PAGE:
Over the past several decades, the agtech industry has been focusing on crop-yield enhancement and pesticide-use reduction in anticipation of enormous, unprecedented world population growth and environmental impact. Biotechnology has answered the bell, producing high-yielding crops that can be grown in drought and in saline environments where crops will not naturally grow. The result has been an increase in food production in world areas where it is badly needed.
But pesticide residues, pathogenic microorganisms and toxins continue to be major issues facing farmers and the food industry in general. Information technology has amplified the seriousness of these issues and brought them to the forefront. Recent recalls of meat and vegetables due to pathogenic microorganism contamination — and the health scare from such recalls — demonstrate the seriousness of pathogenic microorganism contamination in food.
Recent scientific advances point out that toxins such as mycotoxins in food and in animal feed can significantly increase the incidence of various types of cancers in humans. Aflatoxin in feed impacts poultry, beef, and pork farming due to low feed conversion, resulting in significant animal productivity losses. Aflatoxin metabolites (aflatoxin M1) in milk from feeding cows with aflatoxin-contaminated feed is a serious threat to human health. Recently in the U.S., aflatoxin poisoning from pet food led to more than 70 dogs dying and 80 more falling ill. This prompted a massive recall of pet food products.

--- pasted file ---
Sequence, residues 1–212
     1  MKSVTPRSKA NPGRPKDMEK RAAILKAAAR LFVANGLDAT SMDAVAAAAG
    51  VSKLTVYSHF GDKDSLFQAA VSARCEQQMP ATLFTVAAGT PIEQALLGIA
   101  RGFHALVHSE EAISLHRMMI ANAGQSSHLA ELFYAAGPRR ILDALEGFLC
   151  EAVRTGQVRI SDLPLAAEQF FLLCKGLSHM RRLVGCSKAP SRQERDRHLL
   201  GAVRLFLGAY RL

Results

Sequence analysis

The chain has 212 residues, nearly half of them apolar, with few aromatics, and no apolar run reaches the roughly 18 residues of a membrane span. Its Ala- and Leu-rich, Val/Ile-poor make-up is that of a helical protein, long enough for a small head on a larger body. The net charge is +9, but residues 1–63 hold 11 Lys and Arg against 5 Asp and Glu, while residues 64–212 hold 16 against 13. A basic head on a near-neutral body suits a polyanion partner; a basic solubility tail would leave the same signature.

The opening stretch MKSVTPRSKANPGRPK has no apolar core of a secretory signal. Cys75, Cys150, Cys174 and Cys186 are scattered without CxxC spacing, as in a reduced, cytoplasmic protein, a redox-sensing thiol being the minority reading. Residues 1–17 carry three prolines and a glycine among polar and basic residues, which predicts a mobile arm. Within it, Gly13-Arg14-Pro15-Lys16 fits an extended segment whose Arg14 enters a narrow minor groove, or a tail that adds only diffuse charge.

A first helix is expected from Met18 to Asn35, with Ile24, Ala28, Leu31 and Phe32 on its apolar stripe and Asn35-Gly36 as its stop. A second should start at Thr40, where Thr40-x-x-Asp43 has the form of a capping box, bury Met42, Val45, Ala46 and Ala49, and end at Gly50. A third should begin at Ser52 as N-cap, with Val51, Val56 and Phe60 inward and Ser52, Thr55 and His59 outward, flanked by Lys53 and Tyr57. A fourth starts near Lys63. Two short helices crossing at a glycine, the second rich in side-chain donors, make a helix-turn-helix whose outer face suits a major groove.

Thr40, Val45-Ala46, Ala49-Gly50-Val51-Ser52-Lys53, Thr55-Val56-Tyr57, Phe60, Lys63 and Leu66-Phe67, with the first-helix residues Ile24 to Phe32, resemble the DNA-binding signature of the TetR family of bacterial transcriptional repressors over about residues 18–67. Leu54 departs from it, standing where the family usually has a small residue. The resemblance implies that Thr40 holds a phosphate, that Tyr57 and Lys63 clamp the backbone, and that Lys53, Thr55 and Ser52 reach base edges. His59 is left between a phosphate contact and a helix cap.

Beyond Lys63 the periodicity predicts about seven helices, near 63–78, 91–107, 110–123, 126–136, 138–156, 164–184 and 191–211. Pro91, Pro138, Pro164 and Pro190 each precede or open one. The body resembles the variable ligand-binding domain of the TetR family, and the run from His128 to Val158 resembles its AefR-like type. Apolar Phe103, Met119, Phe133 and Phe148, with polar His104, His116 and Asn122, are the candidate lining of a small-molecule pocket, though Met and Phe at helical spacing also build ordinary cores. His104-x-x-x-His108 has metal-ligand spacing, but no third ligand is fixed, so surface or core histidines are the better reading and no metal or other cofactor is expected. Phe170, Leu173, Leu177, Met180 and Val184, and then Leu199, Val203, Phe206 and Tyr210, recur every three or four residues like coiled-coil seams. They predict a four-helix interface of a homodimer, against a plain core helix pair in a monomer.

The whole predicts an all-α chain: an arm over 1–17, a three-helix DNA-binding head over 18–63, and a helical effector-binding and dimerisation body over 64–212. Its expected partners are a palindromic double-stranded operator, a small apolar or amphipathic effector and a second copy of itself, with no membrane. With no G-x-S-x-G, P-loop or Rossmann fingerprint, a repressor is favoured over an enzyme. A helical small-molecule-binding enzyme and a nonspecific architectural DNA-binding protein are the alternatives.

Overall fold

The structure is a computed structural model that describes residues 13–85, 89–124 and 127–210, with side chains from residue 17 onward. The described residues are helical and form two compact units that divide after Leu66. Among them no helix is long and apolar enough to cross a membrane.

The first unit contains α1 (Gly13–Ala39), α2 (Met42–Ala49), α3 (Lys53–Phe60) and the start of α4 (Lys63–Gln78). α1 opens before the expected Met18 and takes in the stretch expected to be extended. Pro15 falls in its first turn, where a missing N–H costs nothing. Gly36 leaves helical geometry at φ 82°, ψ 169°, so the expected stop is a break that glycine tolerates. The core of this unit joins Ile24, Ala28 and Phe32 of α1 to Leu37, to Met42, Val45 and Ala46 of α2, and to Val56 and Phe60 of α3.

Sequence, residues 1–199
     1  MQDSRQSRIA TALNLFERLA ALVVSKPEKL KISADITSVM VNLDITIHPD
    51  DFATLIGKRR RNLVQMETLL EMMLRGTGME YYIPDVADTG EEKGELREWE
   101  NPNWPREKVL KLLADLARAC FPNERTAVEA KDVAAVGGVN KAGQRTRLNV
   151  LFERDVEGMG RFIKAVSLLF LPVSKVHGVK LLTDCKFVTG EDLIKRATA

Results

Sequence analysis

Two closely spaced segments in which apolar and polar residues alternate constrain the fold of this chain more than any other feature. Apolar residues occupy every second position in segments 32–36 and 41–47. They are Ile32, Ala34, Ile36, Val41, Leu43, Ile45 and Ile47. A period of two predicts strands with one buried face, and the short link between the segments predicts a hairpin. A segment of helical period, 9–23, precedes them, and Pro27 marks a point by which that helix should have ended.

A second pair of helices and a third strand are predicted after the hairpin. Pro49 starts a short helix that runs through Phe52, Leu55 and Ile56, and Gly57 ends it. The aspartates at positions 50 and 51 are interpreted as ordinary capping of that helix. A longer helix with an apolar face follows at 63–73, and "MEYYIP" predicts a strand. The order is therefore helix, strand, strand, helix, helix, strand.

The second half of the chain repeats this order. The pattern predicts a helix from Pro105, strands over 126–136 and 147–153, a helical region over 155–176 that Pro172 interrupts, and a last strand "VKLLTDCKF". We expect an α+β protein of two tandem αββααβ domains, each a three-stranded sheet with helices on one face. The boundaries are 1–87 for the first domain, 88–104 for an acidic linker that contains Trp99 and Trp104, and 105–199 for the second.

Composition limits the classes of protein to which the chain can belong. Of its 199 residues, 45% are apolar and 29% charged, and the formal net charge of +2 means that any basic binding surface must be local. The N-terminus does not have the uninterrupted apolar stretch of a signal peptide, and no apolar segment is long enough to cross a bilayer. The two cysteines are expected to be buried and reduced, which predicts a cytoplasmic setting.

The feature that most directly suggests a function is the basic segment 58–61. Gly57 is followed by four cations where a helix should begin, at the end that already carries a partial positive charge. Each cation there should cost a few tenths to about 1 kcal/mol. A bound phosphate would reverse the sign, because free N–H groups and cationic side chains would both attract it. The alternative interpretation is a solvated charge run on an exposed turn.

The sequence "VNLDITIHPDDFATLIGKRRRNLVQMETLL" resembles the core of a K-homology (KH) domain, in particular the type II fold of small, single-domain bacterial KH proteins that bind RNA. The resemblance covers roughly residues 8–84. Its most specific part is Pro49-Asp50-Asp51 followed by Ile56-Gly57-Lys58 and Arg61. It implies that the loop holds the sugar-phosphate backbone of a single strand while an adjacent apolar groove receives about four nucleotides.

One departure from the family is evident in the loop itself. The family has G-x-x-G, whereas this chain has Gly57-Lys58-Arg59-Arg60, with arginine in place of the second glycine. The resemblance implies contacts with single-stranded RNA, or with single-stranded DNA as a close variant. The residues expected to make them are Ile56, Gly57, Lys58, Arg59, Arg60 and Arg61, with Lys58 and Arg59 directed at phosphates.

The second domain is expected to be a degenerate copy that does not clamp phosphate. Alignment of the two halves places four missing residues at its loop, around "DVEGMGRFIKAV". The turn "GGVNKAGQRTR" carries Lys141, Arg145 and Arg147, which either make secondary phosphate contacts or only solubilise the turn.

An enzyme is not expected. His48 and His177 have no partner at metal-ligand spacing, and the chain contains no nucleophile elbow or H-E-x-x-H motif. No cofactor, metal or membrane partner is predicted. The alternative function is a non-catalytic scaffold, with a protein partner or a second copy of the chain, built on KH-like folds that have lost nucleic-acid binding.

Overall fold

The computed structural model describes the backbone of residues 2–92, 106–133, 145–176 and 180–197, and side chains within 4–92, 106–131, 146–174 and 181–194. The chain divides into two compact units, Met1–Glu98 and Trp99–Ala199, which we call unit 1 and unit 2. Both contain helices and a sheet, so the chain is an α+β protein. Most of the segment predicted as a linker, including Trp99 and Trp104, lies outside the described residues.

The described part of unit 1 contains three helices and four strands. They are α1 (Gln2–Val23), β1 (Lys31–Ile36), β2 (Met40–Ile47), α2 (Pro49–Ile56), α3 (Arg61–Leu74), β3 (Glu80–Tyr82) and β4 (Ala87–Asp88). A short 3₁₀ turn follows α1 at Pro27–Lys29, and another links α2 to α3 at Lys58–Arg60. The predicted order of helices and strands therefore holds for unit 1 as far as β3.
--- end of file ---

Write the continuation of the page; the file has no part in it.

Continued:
The Food Safety Modernization Act (FSMA), which became law in 2012, mandates major changes in the way food is produced, distributed, stored, and sold. About 48 million (1 in 6) Americans get ill and 3,000 die each year from foodborne diseases. This public health problem is both significant and largely preventable. The law shifted the focus from responding to foodborne illnesses to preventing them, and it's been transforming the nation’s food safety system in the process.
Food waste also is a major concern in all developed countries. In the U.S. alone, there's a staggering 31% food loss at the retail and consumer levels, which amounted to about 133 billion pounds of food in 2010 (according to USDA's Economic Research Service). During the past decade, many initiatives have started to curb this loss.
History suggests that major societal issues can only be successfully solved through breakthrough technologies. Agriculture technologies brought about through the green revolution and biotechnology have risen to the occasion in the past to overcome issues affecting food and the environment, and food loss can also be solved eventually through breakthrough technologies in the ag sector.
The availability of safe food and reducing food loss are becoming very important to governments and the private sector. Consumer awareness through information technology has pushed food safety to the forefront. Many agtech startups have sprung up in various parts of the world focused on enhancing food safety and inventing ways to reduce food loss. Public and private investments in these areas have grown exponentially in the past few years and continues to grow.
Some key agtech innovation areas include: